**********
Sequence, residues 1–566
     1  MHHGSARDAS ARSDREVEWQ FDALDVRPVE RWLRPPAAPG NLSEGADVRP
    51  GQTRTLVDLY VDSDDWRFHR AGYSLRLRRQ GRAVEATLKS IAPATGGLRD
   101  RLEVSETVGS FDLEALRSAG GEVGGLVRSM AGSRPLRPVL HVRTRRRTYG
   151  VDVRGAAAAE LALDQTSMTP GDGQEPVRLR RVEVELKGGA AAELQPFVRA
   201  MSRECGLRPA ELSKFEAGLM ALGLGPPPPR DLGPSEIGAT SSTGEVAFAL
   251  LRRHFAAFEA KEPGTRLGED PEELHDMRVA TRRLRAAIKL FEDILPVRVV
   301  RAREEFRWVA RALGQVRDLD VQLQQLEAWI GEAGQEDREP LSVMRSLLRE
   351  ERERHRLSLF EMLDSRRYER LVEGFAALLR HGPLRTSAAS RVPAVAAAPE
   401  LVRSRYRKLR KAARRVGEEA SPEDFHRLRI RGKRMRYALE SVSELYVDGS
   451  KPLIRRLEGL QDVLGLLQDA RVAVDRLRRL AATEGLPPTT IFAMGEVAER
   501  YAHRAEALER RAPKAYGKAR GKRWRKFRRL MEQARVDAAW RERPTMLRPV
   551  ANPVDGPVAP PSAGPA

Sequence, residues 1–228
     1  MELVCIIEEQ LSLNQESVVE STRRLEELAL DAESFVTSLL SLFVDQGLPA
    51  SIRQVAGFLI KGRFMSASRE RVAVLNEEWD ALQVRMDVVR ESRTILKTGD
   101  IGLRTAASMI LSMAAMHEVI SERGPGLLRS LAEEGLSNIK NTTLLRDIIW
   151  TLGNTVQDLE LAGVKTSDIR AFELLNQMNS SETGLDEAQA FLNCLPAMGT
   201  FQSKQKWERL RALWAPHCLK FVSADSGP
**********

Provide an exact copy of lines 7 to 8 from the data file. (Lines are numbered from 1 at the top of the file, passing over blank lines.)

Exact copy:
   251  LRRHFAAFEA KEPGTRLGED PEELHDMRVA TRRLRAAIKL FEDILPVRVV
   301  RAREEFRWVA RALGQVRDLD VQLQQLEAWI GEAGQEDREP LSVMRSLLRE